Posts tagged: Beagleboard xm

Time tracking in Action

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If you read previous articles about my experiments with JavaFX and embedded hardware you might be interested in the result.

SIB Visions card

SIB Visions card

  This is the NFC card reader and one of our user cards.

Hardware and case

Hardware and case

  This is the whole system with a nice looking case. This case is hand-made and you can't buy it in a store :)

Beagleboard-xm

Beagleboard-xm

  The back shows the Beagleboard.

Finally, a short video because the solution needs sound to be cool:


Time tracking in action


There are 3 different sounds: OK, OK + completed (whistle) and ERROR. If you hear OK, it means "come in", OK + completed means "Go out". An ERROR means "unknown card".

Have fun.

Pre-built Angstrom image for Beagleboard-xm

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Angstrom kernel version: 3.2.28

The archive is available here and contains

  • MLO
  • u-boot.img
  • systemd-GNOME-image
  • modules

The archive contains fresh files but includes the mac address patch.

Check installation instructions.

Java sound with Beagleboard

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I tried to play some wav files with Java (javax.sound.sampled) on my Beagleboard. It worked without Exceptions but I didn't hear the sound. The hardware was not the problem...

By default, sound output was set to muted :(

I solved the problem with

opkg install alsa-utils
//optional for tests
opkg install mplayer

Use alsamixer for the configuration:

Alsamixer

Alsamixer

  • Set Headset volumne
  • Toggle mute for HeadsetL Mixer AudioL1 and HeadsetR Mixer Audio R1 (Press m key)
  • Check volume for DAC2 Analog

Test:

mplayer sound.wav

JavaFX TimeTracking with Beagleboard-xm

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My first JavaFX "embedded" application is ready.

The application is a time tracking tool. It uses RFID cards for user authentication and sends time entries to a remote Redmine project management tool. It works great.... now.

Before I continue, a screenshot of the current application taken via VNC from my Beagleboard:

Time tracking

Time tracking

... I'm not a UI designer ;-)

My first design was a little bit different because I began to develop on my Windows Laptop and used some nice transitions and effects. The first layout was this:

Time tracking (Laptop)

Time tracking (Laptop)

Some problems with this design - on my Beagleboard - were bad peformance of TableView updates, slow transitions, problems with innershadow effect:

Time tracking (1:1)

Time tracking (1:1)

I don't know why the shadow effect worked for the table border, but the UI was not usable. It was too slow and the clock was not shown because of other problems described from Gerrit Grunwald.

After short frustration, I began to tweak:

  • Replaced TableView with ListView
  • Replaced Clock from JFXtras with a styled Label
  • Smaller buttons for better performance
  • Specific stylesheets for embedded environment

It was not a lot of work to change the application, but I thought the performance would be better. It's very important to reduce effects and transitions for applications that should run on an embedded device like Beagleboard-xm. It's a little bit like developing mobile applications (touch instead of mouse, screen size, performance, ...).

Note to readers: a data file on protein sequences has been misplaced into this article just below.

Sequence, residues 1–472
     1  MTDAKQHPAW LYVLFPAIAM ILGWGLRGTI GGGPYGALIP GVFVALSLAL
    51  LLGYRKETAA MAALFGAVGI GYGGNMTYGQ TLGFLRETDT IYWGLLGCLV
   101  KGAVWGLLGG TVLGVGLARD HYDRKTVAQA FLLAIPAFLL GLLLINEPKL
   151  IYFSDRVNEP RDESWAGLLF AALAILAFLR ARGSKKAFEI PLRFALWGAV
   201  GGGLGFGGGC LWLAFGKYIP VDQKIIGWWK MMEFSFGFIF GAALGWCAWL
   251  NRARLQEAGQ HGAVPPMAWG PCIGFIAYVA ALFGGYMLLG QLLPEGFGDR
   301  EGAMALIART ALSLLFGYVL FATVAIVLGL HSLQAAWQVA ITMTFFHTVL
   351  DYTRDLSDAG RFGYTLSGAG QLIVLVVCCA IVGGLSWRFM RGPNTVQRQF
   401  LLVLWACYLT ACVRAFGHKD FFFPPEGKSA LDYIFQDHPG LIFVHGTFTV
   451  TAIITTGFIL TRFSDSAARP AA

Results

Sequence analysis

The current JavaFX embedded runtime is not perfect and the performance could be better, but if you are careful, you can create very useful applications.

And finally a picture of my hardware:

Hardware

Hardware

NFC/RFID for Beagleboard xm with Java

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NFC reader   Based on my experience with JavaFX, Beagleboard xm, RxTx and GSM devices, I started my new research project: A simple and cheap time tracking solution.

There are hundreds of tools and hardware solutions available for time tracking, but hardware solutions are expensive and tools without hardware are not practically.

The ideal solution would use a Raspberry Pi and a RFID reader together with a simple JavaFX application. Total costs are about EUR 50,- for the hardware and software should be free :) If you need a case for your hardware and a lcd display, it would be more expensive but EUR 150,- should be the limit for a brilliant system.

I ordered my Raspberry Pi some weeks ago but it is still not available and hopefully it will arrive before Xmas? My fallback board is the Beagleboard xm.

The big question was the RFID reader/writer. Wich devices were supported, and were there any Java APIs for the communication? After a short google search I found a lot of recommendations for RFID breakout board, but it was not too cheap and I don't have an Arduino board and don't want one. I found some other boards but I decided to use PN532 NFC RFID module kit. It is still expensive but seems to be fair.

Why this RFID board?

Firstly, because of a mistake. I saw a screenshot of an example application and the frame icon was a Java icon... So I thought the application was written with Java and there must be a Java API. Not really!
The whole kit was available as developer version with a lot of accessoires like two cards, one dongle, additional cables, ....

After reading the documentation and provided information it was clear that the board was perfect for Arduino boards and the software was written in C/C++, but it was still not too expensive.

But no risk, no fun - ordered.

The delivery time was ok and after unpacking I thought it would be easy to test the included RFID cards - Plug and Play? The truth: No way.

First problem

Included cables were built for Arduino board. I kew that the connection could be a problem and ordered an USB TTL module together with the RFID baord.

The USB module has a connector with 4 pins (GND, VCC, RX, TX) and the RFID board has 4 pins (GND, VDD, RX/SDA, TX/SDL). It was not a big problem to connect the right pins after it was clear that the included standard cable will not work.